Armstrong looking to boost content

For most of his short tenure as AOL’s topper, Tim Armstrong has remained steadfastly on point: His mission is to create the premier digital content company. Yet the dozens of partnerships and acquisitions he’s packed into less than two years have done little so far to give AOL much-needed traction with traffic and advertisers, as it continues to bleed subscribers.

So Armstrong raised the stakes, announcing the surprising news just after midnight on Monday from Dallas, where he was schmoozing advertisers at the Super Bowl, that AOL was buying the Huffington Post for $315 million. He is hoping the news and aggregation site co-founded by Arianna Huffington will be the catalyst AOL needs.

The acquisition, one investment banker not involved with the transaction said, “really is a bet-the-farm move.”

Armstrong has repeatedly said that his efforts are not a one year-turnaround story, but at the same time, it is not a five-year mission either. The clock is ticking because Armstrong needs to secure big gains in ad dollars as subscription revenues continue to disappear at AOL.

“We believe (the Huffington Post) deal is a score for AOL,” Armstrong said Monday morning in a conference call. “It will add significant acceleration to our company, our strategy and shareholder returns.” He said he’s excited about having global, national and hyperlocal content on the same platform and that a combination of the two companies will attract even more big brand marketers.

Armstrong’s dealmaking, while previously not on the scale of HuffPo, has been prolific. Acquisitions at AOL since the former Google exec took over as CEO in April 2009 have included hometown news venture Patch, website TechCrunch, social software startup Things Labs and video syndicator 5min Media. Partnerships have ranged from deals with TV studio Endemol (“Big Brother,” “Extreme Makeover”) and news outlets including the Sporting News to celebrities such as Marlo Thomas, Ellen DeGeneres, Heidi Klum, Adam Carolla, Kevin Pollak and Kevin Smith.

But the Huffington Post acquisition marks the first significant attempt to gain scale.

AOL will pay $300 million in cash for the HuffPo, the rest in stock in the form of AOL options for HuffPo employees. The Huffington Post, founded in 2005, is privately owned by co-founders Huffington and former AOL exec Kenneth Lerer and a group of investors.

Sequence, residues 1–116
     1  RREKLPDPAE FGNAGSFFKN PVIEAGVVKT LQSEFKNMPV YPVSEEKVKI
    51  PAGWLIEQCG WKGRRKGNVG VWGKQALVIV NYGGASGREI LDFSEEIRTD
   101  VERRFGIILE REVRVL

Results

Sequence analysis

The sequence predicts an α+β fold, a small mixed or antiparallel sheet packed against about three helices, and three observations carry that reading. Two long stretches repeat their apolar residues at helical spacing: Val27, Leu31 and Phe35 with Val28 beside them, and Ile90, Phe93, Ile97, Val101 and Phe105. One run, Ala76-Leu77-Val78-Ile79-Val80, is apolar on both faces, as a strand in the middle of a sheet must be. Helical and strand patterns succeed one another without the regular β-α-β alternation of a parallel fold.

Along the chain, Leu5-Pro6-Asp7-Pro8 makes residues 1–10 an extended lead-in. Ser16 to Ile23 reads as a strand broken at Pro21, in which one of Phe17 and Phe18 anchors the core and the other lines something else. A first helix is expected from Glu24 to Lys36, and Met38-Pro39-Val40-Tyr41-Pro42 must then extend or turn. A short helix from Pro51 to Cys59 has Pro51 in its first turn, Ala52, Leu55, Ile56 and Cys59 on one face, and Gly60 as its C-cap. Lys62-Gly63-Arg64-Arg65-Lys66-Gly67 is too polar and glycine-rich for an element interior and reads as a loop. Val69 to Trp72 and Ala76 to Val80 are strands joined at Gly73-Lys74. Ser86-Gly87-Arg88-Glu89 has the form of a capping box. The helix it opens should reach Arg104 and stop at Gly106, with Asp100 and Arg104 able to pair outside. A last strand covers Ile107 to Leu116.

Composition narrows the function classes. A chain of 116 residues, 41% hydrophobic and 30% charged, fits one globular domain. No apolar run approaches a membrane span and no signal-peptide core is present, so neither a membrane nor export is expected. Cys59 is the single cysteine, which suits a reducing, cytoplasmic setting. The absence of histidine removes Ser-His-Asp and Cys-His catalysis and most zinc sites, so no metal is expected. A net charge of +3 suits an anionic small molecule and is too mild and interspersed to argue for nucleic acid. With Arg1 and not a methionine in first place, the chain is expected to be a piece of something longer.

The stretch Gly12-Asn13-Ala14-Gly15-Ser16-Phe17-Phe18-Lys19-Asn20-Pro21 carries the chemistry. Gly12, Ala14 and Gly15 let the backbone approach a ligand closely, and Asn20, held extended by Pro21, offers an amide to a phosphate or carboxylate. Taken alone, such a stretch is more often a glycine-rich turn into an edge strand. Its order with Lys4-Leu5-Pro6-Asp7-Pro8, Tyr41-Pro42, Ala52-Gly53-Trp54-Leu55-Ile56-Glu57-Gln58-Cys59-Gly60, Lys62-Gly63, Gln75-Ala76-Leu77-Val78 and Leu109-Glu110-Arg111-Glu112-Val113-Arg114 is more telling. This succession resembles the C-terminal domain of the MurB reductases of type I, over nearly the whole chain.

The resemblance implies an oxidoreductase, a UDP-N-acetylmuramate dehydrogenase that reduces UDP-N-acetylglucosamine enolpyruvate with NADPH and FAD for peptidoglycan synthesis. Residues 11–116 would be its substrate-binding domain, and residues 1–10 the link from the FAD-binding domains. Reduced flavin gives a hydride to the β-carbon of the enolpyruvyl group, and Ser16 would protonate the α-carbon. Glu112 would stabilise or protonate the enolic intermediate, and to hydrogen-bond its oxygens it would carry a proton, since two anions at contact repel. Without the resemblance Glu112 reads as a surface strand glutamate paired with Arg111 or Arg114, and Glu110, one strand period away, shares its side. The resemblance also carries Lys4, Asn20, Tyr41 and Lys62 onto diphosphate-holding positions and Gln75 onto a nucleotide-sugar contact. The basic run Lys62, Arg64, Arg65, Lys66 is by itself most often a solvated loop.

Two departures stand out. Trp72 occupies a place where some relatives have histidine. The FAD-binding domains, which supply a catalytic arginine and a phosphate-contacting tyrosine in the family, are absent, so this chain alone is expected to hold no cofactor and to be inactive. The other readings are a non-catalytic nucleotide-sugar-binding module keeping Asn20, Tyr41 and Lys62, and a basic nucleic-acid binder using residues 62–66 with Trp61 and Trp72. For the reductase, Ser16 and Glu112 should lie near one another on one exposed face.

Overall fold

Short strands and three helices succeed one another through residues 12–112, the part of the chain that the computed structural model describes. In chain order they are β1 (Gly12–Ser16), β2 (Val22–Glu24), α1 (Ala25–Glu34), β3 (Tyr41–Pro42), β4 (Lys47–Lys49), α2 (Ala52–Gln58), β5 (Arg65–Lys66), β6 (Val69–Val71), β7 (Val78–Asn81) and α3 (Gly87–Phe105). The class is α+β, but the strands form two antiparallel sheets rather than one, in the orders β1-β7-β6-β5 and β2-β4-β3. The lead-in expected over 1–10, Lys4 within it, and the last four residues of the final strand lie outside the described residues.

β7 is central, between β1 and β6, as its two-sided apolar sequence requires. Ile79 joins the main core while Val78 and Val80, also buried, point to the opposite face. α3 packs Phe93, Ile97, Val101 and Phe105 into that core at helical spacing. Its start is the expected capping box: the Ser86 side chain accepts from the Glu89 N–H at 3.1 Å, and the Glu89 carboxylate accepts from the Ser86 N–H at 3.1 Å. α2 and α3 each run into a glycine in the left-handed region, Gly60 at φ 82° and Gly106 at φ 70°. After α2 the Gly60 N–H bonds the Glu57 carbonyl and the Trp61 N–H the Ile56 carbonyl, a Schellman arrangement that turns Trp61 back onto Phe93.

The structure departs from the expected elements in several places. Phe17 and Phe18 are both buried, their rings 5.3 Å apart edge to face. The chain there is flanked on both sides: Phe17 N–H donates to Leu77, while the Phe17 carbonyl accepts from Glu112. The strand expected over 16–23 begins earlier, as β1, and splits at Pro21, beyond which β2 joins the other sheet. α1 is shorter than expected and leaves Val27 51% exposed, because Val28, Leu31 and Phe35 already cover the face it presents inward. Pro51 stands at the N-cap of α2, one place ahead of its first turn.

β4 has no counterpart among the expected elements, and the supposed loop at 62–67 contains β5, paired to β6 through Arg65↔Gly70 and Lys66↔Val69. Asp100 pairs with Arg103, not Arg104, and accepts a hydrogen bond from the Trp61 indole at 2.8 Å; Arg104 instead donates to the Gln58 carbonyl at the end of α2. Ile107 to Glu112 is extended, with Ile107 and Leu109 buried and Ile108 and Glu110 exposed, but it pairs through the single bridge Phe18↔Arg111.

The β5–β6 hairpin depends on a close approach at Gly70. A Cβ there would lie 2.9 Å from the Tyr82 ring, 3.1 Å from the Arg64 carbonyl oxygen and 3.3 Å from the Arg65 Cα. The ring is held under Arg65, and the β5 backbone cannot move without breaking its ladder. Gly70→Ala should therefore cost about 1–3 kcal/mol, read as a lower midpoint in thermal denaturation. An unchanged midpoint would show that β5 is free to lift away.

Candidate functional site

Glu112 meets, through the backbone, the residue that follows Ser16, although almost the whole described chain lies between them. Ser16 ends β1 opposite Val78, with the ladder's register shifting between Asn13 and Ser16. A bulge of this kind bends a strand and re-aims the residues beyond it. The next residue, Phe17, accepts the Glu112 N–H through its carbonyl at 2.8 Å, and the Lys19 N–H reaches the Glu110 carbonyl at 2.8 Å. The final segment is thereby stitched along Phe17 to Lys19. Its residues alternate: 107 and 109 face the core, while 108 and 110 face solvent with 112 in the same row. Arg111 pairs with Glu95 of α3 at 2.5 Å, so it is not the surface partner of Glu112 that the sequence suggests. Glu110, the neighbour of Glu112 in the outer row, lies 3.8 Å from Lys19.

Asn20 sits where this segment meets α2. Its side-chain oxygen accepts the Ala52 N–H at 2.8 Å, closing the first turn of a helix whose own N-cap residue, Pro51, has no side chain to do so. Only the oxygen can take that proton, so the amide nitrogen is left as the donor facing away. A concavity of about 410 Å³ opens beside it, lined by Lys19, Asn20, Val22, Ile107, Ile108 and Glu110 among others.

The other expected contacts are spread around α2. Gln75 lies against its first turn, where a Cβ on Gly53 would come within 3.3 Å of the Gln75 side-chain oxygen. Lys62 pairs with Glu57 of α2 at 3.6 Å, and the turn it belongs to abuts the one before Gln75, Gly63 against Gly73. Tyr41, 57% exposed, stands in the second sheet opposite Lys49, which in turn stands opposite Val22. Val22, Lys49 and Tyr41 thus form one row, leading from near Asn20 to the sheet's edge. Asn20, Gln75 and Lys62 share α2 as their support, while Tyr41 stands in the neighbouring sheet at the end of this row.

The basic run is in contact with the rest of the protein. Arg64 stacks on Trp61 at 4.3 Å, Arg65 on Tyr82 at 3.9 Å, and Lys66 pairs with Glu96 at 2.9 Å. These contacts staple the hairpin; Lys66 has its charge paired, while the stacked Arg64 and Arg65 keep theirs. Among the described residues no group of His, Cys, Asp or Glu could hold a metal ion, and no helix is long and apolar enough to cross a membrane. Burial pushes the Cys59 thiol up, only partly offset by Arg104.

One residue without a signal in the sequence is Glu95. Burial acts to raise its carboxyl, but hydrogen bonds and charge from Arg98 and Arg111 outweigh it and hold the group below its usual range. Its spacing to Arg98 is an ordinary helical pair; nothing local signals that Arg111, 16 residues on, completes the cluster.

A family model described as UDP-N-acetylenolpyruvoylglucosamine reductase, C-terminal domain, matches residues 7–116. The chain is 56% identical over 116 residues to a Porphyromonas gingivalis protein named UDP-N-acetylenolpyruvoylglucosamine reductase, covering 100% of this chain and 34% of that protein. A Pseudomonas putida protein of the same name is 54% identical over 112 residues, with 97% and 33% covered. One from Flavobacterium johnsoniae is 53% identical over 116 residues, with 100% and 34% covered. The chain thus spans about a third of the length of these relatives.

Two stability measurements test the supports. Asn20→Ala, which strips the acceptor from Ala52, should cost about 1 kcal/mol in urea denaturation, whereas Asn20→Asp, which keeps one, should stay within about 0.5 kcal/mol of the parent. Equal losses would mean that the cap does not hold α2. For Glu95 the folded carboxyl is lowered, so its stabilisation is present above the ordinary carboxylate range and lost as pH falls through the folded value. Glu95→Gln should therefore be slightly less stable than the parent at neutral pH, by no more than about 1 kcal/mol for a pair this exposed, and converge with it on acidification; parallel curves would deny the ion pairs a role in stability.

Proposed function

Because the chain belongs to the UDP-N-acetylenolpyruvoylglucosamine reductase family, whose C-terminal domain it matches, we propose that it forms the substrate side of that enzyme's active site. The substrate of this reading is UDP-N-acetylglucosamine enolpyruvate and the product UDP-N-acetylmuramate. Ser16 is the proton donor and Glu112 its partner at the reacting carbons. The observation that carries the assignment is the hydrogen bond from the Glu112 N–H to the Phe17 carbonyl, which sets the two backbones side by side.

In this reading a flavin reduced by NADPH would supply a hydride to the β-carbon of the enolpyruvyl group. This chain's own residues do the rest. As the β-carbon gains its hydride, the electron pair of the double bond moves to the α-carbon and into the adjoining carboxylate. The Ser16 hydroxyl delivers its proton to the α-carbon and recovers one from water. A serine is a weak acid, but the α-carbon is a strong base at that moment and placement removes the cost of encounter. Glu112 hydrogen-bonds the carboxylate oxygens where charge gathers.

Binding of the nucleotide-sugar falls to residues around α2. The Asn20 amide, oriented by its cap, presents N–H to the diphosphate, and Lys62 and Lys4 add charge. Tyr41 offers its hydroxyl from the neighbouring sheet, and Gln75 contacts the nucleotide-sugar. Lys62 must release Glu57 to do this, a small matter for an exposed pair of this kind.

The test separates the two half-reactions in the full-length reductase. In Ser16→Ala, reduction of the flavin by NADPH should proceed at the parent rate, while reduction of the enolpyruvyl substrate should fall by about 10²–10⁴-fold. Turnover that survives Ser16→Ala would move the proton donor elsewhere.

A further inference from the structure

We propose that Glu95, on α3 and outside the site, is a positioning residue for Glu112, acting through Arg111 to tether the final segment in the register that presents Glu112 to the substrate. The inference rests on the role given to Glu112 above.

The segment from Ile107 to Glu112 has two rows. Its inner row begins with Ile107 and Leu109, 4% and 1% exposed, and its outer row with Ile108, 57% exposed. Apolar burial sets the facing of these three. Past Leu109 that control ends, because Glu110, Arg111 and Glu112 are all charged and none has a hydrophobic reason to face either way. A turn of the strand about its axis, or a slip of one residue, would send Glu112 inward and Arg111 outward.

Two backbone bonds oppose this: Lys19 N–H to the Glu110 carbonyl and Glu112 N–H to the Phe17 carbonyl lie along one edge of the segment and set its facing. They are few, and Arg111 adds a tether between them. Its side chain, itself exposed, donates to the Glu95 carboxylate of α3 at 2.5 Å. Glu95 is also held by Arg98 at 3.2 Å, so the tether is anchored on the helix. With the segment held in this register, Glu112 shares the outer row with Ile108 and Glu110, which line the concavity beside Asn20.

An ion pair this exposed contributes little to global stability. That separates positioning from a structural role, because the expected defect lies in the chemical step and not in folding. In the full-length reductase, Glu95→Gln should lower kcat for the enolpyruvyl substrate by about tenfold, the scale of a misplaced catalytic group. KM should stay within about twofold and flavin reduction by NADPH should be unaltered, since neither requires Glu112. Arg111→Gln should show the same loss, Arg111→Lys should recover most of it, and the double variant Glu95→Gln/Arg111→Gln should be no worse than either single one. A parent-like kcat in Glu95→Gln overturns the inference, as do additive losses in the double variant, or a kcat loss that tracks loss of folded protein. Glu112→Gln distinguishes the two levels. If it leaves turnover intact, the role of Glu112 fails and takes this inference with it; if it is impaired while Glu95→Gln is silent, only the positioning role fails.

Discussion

Huffington will become prexy-CEO of the newly created Huffington Post Media Group, overseeing AOL’s news and content operations. The plan is to integrate AOL’s existing content with Huffington Post’s various sections. The partners said the combined entity would have a base of 117 million unique users per month in the U.S. and 270 million around the world.

Huffington said Monday: “It was like stepping off a fast train and onto a supersonic jet. … It is amazing how aligned (the two companies) are. It’s just a perfect fit.”

She said she has no plans to leave the company. “I told Tim I want to stay forever,” she said. “I want this to be the last act of my life.”

Execs said they expect the deal to close at end of the first quarter or the start of the second quarter, with Armstrong adding that he expects the HuffPo to be fully integrated over the next 45 days. “This will have the smallest disruption for the size of any transaction that I’ve worked on,” he said.

After initial discussions between Armstrong and Huffington in November, the deal came together in the past month. Final deal terms were hammered out over the weekend as Armstrong and Huffington made the rounds at the Super Bowl in Dallas.

AOL chief financial officer Arthur Minson said the deal would allow for $20 million in annual cost savings. He added that he expects the HuffPo to generate $50 million in revenues this year and $10 million in operating profits. “We believe it will be at a $100 million revenue run-rate in the next 12 months and operating in the 30% margin range,” he said. “Even on a standalone basis, we think this is a very good deal for us financially.”

However, the compensation being paid to retain talent from all its deals, about $40 million in 2011, will strain AOL’s operating profits for the year, Minson said. AOL will most likely take a $30 million restructuring charge this year, Minson said.

He predicted that the company would again see growth in operating profits in 2012.

In the quarter ended Dec. 31, AOL reported that revenues dropped 26% to $2.4 billion, as AOL continued to lose subscribers and ad dollars. The company, spun off from Time Warner in 2009, posted a net loss of $782 million for the year vs. a profit of $249 million the year before. Shares on Monday closed down 4¢ to $21.15. The stock is down roughly 7% in the past 12 months.

“You will see the contribution from the Huffington Post and other recent acquisitions, which we expect will accelerate the pace of our turnaround,” Minson said.

Huffington Post bowed at the height of the George W. Bush presidency as a liberal antidote to the plethora of conservative voices online. The site has drawn an array of high-profile contributors from politics, entertainment and media over the years. Huffington Post is averaging 25 million unique users a month, according to AOL. Its aud is growing at a rate of 22% — a growth curve AOL hopes to accelerate when it integrates with AOL’s video and content platforms. Among other initiatives, AOL has been investing in its Patch network of targeted local news sites, which will be a natural fit with Huffington Post’s news pages.

(Cynthia Littleton contributed to this report.)

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